Just because you founded a company does not mean your position within the company is secure. Here are some key practices to remain grounded throughout the business process. By Kira Makagon (Executive Vice President of Innovation, RingCentral)
Not long ago, a story had appeared in the media about a startup founder whose company was acquired. The startup’s team was brought on board at the new company, but the founder wasn’t. It brings up a common potential challenge for many entrepreneurs, as well as co-founders, and early stage employees — where and how to maintain a position as the company scales, receives funding, or sees an acquisition. While in the instance referenced above, the founder was a woman, it’s not an uncommon issue for male founders, too. While it is impossible to know what will really happen in the event of a major business milestone, such as growth, funding or acquisition, there are some things that can help entrepreneurs and executives maintain their position.
Many entrepreneurs make the mistake of assuming that just because a business was their idea, or that they launched the company, that their long-term value is an automatic. But, unfortunately, it’s not always the case. There are many instances where a board might vote out a founder of a funded company, or where a founder might become too myopic with part of the business while letting others on the team take a greater part of the reigns. Often, it isn’t done with intention on anyone’s part — but can often be realized when it’s too late.
Many say the answer is to avoid co-founders, investors, or partners, it’s often not the cause or the issue. Though every situation and every company is unique, there are a few key practices to keep in mind and maintain diligence about at every stage of the business.
1. Grow With The Business – The early days of any company is often limited to a small, intimate group of people where the founder wears many hats and has his or her hand in everything. As the company scales and more team is added, many are relieved to let go of some of the duties — but that doesn’t mean you should let go of your involvement and interaction in everything. I don’t mean micromanage your team, but playing an active role in all areas of the company can be a critical piece. Staying engaged and involved in the business, maintaining leadership and input in strategic areas can help maintain value and position within the company.
2. Stay Flexible – Many founders are passionate about their business and ideas. But while this is an asset to the company, if it limits your flexibility to adapt, grow or evolve with the company it can potentially weaken your value and position. You don’t want to be so flexible that the company or leadership lacks focus, but if you’re unwilling to explore or learn about a department or function you’re not particularly familiar with, or play an active part in something that is outside of your comfort or skill zone, you can dilute your place in the business. You may not be the one doing the coding in development, or handling the spreadsheets in accounting, but scale with the business.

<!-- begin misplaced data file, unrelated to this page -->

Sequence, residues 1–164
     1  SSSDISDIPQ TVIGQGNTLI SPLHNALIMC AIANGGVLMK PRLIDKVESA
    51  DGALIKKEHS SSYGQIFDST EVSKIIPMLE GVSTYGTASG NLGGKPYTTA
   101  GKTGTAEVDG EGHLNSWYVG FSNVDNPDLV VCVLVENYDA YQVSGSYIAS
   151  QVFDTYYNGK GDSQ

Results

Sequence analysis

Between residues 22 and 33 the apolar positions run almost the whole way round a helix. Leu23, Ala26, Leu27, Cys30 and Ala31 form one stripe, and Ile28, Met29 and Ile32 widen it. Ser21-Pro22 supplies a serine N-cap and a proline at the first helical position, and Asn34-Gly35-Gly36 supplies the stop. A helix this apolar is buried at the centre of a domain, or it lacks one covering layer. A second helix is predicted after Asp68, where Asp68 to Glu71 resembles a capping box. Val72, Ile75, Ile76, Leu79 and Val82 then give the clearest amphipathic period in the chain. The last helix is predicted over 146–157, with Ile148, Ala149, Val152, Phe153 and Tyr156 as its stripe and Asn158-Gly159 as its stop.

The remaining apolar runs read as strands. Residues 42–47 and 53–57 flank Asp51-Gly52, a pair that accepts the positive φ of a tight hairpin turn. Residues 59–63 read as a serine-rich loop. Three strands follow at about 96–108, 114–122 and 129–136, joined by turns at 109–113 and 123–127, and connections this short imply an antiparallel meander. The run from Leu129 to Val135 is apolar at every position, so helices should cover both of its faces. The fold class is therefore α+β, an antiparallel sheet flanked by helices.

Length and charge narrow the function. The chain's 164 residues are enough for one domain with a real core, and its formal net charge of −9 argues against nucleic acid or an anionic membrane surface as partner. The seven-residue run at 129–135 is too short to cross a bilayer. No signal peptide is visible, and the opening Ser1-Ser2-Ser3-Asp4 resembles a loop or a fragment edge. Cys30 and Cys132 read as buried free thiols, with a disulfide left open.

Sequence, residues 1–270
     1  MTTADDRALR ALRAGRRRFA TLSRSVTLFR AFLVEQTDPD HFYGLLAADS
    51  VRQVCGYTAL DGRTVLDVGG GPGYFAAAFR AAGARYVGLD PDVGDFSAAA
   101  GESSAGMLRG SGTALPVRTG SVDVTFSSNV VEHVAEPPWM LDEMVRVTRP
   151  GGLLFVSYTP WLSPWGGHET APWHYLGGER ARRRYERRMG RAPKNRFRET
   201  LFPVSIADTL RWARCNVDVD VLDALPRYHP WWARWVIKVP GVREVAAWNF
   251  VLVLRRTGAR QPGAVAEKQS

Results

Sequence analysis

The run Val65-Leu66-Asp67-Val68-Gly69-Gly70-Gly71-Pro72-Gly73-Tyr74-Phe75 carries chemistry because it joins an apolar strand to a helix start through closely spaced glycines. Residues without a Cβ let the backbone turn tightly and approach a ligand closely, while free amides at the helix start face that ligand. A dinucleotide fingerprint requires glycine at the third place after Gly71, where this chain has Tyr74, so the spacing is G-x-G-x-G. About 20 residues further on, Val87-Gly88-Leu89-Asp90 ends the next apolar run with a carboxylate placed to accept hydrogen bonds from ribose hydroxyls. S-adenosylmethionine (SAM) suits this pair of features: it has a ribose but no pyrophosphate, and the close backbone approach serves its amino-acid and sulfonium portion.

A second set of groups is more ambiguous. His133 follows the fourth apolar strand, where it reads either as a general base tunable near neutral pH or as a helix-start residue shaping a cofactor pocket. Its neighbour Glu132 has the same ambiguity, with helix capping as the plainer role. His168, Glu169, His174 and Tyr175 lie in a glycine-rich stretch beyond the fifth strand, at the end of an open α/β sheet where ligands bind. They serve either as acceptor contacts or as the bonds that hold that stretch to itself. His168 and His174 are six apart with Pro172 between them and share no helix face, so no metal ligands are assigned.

3. Stay Involved And Informed — Staying present, involved and active in the company goes beyond just the walls of your building or solely among your team. It includes within the industry, market and among your customers as well — including maintaining a pulse on industry trends, new innovations, companies, ideas, and technologies in the market as well. Many founders gain business success or launch ideas because they’re experts in their industry or field, only to let that go by the wayside later in business. It can be a challenge to keep present/relevant, ahead of the curve and in the know in your industry, but doing so can help keep your stance within your business.
4. Keep A Positive Attitude — The rigors of early stage business, particularly among team and partners, can take a toll on everybody. But it is important to keep your attitude and approach in check in this aspect to maintain a solid stance in your business. Many let relatively small issues grate on them, hold onto grudges or negative feelings, over or under-address issues to the determent of their own work. By first expecting there to be tension from time to time, knowing when and how to pick and fight battles, and developing communication skills in addressing issues, you can maintain a greater value in your company, long after it hits its major milestones in its business.
This post originally appeared on the author's blog.
What are some of your key practices?
About the guest blogger: Kira Makagon is the Executive Vice President of Innovation at RingCentral, the business phone system in the cloud. Makagon leads product strategy, product management, engineering and operations. Makagon holds a bachelor’s degree in computer science from the University of California-Berkeley and a master’s degree in business administration from the Haas School of Business at the University of California-Berkeley.